Brazil will require international arrivals to show proof of vaccination against COVID-19 and for unvaccinated travellers to quarantine for five days.
The decision issued by a Supreme Court judge on Saturday invalidates regulations previously announced by the National Health Agency that required only a negative PCR test for visitors.
The fresh ruling goes against the wishes of President Jair Bolsonaro, who is still unvaccinated.
Bolsonaro had previously prevented the health agency from demanding proof of vaccination from visitors ahead of the world-famous Rio carnival.
Last week, the Brazilian president likened the vaccine requirement to "a dog collar" and questioned why it should be imposed on the Brazilian people.
The latest ruling is seen as another defeat for Bolsonaro, who has repeatedly undermined efforts to control the spread of the coronavirus, despite Brazil being one of the world's hardest-hit countries.
However, it is unclear how effectively Brazil can or will track those required to quarantine.
Travellers coming to Brazil will still need to submit a negative PCR test result before boarding in their country of origin and submit a declaration to the country’s health regulator.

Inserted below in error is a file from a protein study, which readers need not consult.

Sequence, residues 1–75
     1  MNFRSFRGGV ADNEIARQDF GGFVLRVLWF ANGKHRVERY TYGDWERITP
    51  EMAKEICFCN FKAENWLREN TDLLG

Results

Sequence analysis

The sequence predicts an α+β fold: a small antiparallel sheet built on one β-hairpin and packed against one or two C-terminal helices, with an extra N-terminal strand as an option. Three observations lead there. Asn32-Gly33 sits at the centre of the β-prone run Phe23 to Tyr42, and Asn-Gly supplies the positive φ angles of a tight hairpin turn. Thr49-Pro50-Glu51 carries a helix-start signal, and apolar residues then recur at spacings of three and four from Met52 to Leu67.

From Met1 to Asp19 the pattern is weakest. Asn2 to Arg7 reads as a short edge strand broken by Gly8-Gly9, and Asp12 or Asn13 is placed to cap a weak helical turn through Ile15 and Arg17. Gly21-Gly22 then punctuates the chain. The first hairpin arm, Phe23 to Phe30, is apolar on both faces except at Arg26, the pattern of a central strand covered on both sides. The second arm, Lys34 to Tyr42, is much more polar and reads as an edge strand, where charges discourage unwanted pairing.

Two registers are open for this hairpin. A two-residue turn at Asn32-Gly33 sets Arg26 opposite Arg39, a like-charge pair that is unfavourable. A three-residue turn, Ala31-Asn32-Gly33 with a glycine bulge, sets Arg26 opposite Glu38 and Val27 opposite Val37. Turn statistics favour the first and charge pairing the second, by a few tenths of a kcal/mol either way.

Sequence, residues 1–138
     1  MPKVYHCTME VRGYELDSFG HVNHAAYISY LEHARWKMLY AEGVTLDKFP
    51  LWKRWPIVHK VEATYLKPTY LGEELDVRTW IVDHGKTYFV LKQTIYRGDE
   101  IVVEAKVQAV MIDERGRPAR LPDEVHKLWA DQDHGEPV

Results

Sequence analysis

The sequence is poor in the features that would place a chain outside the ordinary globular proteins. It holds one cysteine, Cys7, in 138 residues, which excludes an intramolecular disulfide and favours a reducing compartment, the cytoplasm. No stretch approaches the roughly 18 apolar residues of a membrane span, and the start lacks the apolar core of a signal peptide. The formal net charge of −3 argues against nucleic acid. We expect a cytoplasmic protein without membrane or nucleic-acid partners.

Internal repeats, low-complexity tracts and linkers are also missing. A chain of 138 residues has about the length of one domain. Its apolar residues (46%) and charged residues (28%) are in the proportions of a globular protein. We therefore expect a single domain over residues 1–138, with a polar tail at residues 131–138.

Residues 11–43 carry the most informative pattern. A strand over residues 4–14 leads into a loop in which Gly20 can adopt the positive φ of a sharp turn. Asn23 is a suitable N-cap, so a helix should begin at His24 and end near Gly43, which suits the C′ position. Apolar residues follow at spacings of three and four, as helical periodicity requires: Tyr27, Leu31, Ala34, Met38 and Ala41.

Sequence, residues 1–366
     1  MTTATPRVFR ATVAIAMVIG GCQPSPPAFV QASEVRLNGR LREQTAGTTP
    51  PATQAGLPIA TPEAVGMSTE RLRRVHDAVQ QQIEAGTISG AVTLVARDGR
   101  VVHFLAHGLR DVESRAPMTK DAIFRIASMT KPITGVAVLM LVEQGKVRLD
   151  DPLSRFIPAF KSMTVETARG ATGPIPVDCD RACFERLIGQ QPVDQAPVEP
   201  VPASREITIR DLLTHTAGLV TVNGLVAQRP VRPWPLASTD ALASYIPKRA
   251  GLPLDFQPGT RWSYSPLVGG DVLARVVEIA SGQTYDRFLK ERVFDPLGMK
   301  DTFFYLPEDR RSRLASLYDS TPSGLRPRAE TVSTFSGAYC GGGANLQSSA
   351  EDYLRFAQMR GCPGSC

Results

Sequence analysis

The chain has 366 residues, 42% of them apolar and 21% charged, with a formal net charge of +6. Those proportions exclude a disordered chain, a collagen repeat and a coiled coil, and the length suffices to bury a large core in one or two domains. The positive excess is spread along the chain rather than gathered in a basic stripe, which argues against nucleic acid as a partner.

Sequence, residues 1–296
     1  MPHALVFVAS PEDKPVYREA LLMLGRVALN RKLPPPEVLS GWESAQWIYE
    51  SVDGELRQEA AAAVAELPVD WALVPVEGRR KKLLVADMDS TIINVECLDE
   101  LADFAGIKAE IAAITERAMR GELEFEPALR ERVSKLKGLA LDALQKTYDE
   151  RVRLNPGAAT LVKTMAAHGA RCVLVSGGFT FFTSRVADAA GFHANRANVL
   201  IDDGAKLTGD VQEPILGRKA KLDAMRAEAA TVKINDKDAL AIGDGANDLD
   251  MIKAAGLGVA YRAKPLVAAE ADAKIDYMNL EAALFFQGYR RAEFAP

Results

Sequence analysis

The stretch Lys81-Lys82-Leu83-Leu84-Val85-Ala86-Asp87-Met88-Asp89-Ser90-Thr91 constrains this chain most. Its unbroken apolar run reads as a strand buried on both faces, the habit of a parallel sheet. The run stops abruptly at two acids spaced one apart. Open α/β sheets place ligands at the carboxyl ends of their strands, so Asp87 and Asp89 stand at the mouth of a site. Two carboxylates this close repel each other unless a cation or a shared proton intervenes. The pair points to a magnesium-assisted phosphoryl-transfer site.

Unvaccinated travellers will have to take a new virus test after the five-day quarantine period and must check in with a health agency centre that will have their addresses.
Meanwhile, city officials in Rio announced last Thursday they will go ahead with New Year's celebrations, despite fears the celebrations could become a super-spreader event as tens of thousands of people gather around the city to watch the fireworks.
Rio's mayor, Eduardo Paes, reminded people that "it is mandatory to present vaccination passports in bars, restaurants, and hotels", a measure strongly criticized by Bolsonaro.
Health officials and municipal authorities feel confident that limiting transportation to areas like Copacabana Beach can limit crowd size and avoid mass COVID-19 contagion.
More than 616,000 people have died of COVID-19 in Brazil, the country with the second-most deaths from the disease.
The pandemic has waned in recent months and the nation's seven-day average is approaching 200 deaths a day.